"In the 1960s, Central Park was in a state of advanced entropy -- everything was being trampled to death," said Geoffrey James, the British photographer who proposed the Olmsted project to Lambert years ago. Today, 135-year-old Central Park is among the most protected of Olmsted's parks. Its environmental importance has been confirmed in scientific reports and private citizens and corporations have raised millions of dollars to restore it.

But the battle to preserve Olmsted's legacy continues. Over the years, protectors of Mont-Royal, the only mountain park Olmsted created, have fended off developers who wanted to build massive communications towers or turn it into a commercial ski hill. Local residents opposed to a recently opened McDonalds outlet just off the northeast edge of Mont-Royal have picketed the restaurant, calling it an affront to the natural environment.

The opening of the CCA's Olmsted exhibition coincided with the World Conservation Congress, a gathering in Montreal of 2,000 international conservation specialists who will discuss measures to protect the planet's biodiversity. Lambert said the theme fits well with the notion that Olmsted's parks have changed urban society for the better and must be preserved.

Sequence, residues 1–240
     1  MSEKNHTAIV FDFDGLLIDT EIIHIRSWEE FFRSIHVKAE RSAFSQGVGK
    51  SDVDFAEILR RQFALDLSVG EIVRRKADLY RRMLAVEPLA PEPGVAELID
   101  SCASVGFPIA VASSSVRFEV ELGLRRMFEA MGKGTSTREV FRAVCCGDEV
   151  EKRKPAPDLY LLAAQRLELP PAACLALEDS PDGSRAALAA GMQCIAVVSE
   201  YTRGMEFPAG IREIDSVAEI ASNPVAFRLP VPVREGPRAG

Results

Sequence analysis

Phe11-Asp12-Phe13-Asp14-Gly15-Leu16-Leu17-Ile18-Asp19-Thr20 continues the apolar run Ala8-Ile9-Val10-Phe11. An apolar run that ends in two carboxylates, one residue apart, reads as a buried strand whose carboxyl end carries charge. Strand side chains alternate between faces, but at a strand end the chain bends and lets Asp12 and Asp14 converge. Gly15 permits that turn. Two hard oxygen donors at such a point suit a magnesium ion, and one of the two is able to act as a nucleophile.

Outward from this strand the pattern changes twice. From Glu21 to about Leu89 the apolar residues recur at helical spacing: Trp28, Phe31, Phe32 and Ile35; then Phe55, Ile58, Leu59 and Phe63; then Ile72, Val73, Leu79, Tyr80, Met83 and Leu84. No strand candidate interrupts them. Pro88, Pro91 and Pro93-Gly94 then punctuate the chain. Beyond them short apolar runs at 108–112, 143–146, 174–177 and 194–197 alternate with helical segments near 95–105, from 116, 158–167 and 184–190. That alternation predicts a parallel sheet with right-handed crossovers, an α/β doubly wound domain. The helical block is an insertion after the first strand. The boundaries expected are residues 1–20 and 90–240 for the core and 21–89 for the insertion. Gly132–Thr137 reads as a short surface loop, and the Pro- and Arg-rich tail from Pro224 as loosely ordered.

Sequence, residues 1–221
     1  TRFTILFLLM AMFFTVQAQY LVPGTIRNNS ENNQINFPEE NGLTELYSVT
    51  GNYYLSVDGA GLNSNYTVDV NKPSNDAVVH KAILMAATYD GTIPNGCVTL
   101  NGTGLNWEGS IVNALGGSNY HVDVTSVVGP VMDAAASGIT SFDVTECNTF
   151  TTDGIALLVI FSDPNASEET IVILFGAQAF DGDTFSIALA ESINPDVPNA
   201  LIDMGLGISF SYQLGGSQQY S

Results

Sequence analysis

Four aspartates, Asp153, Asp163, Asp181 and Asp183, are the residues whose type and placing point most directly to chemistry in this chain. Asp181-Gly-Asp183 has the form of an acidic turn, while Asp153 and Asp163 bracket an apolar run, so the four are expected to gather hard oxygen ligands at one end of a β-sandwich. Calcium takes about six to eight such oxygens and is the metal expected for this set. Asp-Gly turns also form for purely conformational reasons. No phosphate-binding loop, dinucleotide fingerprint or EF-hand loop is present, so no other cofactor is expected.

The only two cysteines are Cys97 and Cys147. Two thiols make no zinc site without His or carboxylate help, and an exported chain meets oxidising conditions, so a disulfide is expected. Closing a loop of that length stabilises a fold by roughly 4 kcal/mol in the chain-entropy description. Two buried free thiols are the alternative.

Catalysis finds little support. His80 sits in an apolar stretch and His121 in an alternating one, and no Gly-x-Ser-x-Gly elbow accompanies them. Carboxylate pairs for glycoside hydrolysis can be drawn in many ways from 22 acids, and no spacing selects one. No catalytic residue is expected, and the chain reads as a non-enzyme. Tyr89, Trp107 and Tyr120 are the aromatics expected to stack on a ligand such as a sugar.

"The question is what can we do now that will help them continue to have that impact for another 100 years," she said.

Protest programme at University

University of British Colombia
Vancouver, Canada

Activists from the University of British Colombia have staged a McHelloween protest. Unfortunatley, the press release and details got to us too late to announce the protest events before they happened. However, from the schedule and programme it is obvious that the event was extremely well organised and comprehensive. Watch this space for details of the event ....

Press Release

This Thursday is McHelloween at UBC

The UBC Student Coalition Against McDonald's to stage an afternoon of protest against the giant fast-food chain; Ronald McDonald and Grimace to join the march to McDonald's